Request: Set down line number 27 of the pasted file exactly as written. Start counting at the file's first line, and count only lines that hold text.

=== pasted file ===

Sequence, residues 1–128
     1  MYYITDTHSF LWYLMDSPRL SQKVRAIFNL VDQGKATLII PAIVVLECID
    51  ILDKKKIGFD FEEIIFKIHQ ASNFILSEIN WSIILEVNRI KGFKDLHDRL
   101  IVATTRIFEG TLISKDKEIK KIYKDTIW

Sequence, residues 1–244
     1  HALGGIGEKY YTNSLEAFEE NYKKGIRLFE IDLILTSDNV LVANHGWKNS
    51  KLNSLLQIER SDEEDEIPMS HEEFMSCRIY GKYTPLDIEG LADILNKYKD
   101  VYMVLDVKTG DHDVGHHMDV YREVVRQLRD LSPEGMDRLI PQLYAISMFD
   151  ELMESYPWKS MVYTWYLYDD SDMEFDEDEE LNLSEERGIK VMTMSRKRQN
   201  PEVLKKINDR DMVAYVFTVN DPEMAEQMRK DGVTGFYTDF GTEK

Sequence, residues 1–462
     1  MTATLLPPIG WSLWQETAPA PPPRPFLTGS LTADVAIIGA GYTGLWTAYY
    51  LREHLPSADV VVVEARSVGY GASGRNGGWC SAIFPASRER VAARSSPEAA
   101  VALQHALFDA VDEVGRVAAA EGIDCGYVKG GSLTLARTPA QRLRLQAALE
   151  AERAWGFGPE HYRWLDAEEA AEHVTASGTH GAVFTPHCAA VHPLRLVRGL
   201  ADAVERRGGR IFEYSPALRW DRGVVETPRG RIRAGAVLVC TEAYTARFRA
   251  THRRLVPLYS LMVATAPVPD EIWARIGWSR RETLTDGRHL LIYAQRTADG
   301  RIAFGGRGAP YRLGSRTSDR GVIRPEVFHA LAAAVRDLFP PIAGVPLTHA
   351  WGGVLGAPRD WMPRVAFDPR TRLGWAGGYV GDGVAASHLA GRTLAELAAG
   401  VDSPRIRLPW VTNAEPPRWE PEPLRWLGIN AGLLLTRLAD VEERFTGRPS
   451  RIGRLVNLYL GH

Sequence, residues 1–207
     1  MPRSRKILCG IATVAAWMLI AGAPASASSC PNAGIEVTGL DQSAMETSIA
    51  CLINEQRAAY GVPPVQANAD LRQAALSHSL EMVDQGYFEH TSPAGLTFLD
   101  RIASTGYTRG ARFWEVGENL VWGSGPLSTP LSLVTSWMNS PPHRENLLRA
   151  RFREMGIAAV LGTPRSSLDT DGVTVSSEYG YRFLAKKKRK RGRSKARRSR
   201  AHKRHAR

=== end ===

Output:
   201  AHKRHAR